When these things are ready one should see that the paper is in a good state. It should be rather drier for a key-block than for other blocks, as a fine line will print thickly if the paper is too damp and soft. In fact, it can scarcely be too dry for the key-block, provided that it has become perfectly smooth, and is still flexible enough for complete contact with the block. But it must not be either dry or damp in patches.

If the paper is all right, one lifts off the upper board and top damping sheet, placing them on the left, ready to receive the sheets when printed.

The key-block, if quite dry, must be moistened with a damp sponge and then brushed over with the broad printing brush and ink. If a grey line is wanted the brush should be dipped in a little of the paste and scarcely touched with ink. For a pale grey line the key-block also must be well washed before printing. Even if the line is to be black a little paste should be used. This is best added after one has brushed the black ink on to the block, not mixed with it beforehand. The ink and paste are then broken together smoothly and completely over the whole surface of the block. The last few brush strokes should be of the full length or breadth of the block and be given lightly with the brush held upright. The inking of the block must be thoroughly done, but with no more brushing than is necessary to spread the colour equally. When properly charged with ink the block should not be at all wet, but just covered with a very thin and nearly dry film of ink and paste.

No time should be wasted in lifting the top sheet of printing paper on to the block, placing first its right corner in the register notch, and holding it there with the thumb, then the edge of the paper to the other notch, to be held with the left thumb while the right hand is released to take up the baren (fig. 21).

Beginning at the left, the baren is rubbed backwards and forwards, a full stroke each time, to the outside limits of the block, with a moderate, even pressure, moving the stroke in a zigzag towards the right end of the block (fig. 22). Once over should be enough. A second rub makes heavy printing of the finer lines. Then the paper is lifted from the block and placed on the board to the left.

Particular attention must be given to the careful placing of the paper home in the register notches, and to holding it there until the rubber has gripped the paper on the block.

Sheet by sheet all the printing paper is passed in this way over the key-block, and piled together. There is no fear of the ink offsetting or marking the print placed above it. As the work proceeds the block will give better and better impressions. Spoiled or defective impressions should be put together at the top of the pile when it lies ready for the next printing, for the first few impressions are always uncertain, and it is well to use the defective prints as pioneers, so as not to spoil good ones.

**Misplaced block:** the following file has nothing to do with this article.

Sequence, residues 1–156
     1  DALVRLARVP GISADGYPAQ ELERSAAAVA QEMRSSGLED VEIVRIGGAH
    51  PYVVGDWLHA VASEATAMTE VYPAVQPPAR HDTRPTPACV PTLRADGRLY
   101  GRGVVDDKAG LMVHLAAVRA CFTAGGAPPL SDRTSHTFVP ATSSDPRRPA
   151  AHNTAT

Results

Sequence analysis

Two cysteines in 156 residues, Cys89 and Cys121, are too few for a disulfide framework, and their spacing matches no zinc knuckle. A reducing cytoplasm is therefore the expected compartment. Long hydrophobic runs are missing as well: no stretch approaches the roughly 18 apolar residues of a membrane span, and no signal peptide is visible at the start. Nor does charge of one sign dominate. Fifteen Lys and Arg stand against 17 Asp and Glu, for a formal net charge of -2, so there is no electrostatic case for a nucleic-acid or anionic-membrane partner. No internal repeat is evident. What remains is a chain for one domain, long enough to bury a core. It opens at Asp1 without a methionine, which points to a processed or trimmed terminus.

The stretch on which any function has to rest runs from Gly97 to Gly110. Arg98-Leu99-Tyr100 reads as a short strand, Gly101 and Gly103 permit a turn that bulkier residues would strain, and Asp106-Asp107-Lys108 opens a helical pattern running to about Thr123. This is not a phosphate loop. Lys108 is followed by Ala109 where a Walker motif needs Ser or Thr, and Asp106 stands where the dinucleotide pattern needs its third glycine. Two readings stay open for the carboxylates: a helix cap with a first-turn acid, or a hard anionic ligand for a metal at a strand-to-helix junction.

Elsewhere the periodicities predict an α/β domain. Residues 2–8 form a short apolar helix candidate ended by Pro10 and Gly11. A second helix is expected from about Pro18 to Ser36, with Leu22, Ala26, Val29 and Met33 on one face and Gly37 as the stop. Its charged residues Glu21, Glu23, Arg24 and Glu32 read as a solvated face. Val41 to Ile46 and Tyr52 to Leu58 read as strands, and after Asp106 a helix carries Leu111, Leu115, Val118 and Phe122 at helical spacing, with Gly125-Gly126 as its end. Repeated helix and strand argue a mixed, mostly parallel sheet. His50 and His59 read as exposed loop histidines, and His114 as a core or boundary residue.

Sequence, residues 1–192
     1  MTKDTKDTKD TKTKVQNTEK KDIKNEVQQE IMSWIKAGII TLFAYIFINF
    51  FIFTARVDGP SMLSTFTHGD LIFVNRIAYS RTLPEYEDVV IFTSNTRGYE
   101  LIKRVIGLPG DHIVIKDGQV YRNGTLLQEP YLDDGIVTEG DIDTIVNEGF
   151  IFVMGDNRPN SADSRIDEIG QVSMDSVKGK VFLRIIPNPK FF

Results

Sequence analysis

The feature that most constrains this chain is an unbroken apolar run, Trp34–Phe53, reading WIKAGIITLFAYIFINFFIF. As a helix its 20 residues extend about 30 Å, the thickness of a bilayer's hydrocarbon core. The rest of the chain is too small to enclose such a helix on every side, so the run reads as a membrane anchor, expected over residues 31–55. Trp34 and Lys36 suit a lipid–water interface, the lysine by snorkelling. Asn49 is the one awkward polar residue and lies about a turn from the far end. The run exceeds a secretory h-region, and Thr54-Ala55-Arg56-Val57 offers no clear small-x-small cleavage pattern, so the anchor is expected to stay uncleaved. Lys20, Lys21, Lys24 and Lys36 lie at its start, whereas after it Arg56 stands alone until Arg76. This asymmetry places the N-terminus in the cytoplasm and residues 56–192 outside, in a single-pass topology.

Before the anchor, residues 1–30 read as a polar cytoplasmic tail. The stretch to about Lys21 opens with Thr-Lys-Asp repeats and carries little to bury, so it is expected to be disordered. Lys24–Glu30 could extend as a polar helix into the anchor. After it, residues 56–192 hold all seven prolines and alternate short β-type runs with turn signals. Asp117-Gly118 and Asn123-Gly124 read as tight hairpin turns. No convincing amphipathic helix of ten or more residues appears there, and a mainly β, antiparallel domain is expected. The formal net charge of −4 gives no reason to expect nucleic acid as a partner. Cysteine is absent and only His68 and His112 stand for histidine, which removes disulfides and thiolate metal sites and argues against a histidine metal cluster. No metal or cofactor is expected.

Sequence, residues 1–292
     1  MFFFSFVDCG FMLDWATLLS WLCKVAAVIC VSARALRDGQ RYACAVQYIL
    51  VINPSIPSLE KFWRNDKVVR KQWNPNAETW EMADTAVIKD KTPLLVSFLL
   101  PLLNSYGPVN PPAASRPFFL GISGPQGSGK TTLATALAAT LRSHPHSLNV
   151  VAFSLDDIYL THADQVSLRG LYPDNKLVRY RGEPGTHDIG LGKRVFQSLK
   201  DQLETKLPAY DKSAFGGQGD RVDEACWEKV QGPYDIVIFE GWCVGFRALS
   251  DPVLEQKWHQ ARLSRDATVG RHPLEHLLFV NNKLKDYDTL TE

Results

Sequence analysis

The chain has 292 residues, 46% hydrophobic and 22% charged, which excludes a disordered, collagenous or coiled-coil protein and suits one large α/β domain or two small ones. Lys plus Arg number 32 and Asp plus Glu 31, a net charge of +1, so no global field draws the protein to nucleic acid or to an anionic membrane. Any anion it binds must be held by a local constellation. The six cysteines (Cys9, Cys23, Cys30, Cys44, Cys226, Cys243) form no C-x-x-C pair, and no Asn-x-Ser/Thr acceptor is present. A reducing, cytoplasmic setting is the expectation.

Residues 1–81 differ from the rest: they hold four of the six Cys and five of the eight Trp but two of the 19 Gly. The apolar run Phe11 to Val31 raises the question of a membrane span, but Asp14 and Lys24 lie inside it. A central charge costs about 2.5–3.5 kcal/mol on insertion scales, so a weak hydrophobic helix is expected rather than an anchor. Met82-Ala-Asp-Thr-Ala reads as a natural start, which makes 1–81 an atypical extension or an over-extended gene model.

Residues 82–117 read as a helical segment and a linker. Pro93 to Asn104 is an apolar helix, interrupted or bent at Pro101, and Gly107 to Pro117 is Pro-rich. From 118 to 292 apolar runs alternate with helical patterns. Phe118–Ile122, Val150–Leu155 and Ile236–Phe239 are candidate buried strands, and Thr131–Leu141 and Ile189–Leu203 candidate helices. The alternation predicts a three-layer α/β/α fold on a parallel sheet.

When the block has been printed on the whole batch, the sheets should be replaced at once between the boards before one prepares for the colour impressions. Usually the paper will be too dry for colour by this time if this is so, the damping sheets should be moistened and put in again as before; one to each three printing sheets. In a minute or two they will have damped the paper sufficiently and must be taken out, leaving the printing sheets to stand, between the boards, ready for the first colour-block.



In printing colour the paper may be slightly damper than it should be for key-block impressions, and a heavier pressure is necessary on the baren if the colour masses are large. If the baren is pressed lightly the colour will not completely cover the paper, but will leave a dry, granular texture. Occasionally this quality may be useful, but as a rule a smooth, evenly printed surface is best. it will be found that smooth, even printing is not obtained by loading the block with colour or paste, but by using the least possible quantity of both, and nearly dry paper.

In beginning to print from a colour block, care should be taken to moisten the block fully before printing, or it will not yield the colour from its surface; but the block must be wiped, and not used while actually wet.

The printing proceeds exactly as in the case of the key-block, except for the heavier use of the baren. The paste should be added after the colour has been roughly brushed on to the block, and then the two are smoothly brushed together. The Japanese printers put the paste on to the block by means of a little stick kept in the dish of paste. Experience will soon show the amount of paste needed. It is important neither to add too much nor to stint the paste, as the colour when dry depends on the paste for its quality. Too little paste gives a dead effect.

Some of the colours print more easily than others. With a sticky colour it is well to wipe the block with a nearly dry sponge between each impression, so that the wood gives up its colour more readily. In the case of a very heavy colour such as vermilion a drop of glue and water may help; but with practically all the colours that are generally used the rice paste and careful printing are enough.